Gaucher disease is a glycosphingolipid storage disease caused by deficiency of glucocerebrosidase, resulting in the accumulation of glucosylceramide in lysosomes. The neuronopathic forms of this disease are associated with neuronal loss and neurodegeneration. However, the pathophysiological mechanisms leading to prenatal and neonatal death remain uncharacterized. To investigate brain dysfunction in Gaucher disease, we studied the effects of neurotrophic factors during development in a mouse model of Gaucher disease. The expression of brain-derived neurotrophic factor and nerve growth factor was reduced in the cerebral cortex, brainstem, and cerebellum of Gaucher mice, compared with that in wild-type mice. Extracellular signal-regulated kinase (ERK) 1/2 expression was downregulated in neurons from Gaucher mice and correlated with a decreased number of neurons. These results suggest that a reduction in neurotrophic factors could be involved in neuronal loss in Gaucher disease.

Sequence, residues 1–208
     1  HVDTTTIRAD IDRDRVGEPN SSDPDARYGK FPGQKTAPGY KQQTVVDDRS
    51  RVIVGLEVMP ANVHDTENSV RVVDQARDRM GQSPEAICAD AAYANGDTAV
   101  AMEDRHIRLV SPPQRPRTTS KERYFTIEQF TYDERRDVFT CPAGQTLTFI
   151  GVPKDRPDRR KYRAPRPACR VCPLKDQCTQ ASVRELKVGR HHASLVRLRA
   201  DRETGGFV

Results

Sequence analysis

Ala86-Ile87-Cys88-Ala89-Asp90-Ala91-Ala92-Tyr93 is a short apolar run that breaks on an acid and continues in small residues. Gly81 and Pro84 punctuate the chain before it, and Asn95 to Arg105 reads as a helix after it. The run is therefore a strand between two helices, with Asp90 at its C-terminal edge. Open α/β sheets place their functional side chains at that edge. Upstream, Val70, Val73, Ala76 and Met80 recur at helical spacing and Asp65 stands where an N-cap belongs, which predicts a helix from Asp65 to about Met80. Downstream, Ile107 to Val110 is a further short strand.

- Brain-derived neurotrophic factor
- Gaucher disease
- Nerve growth factor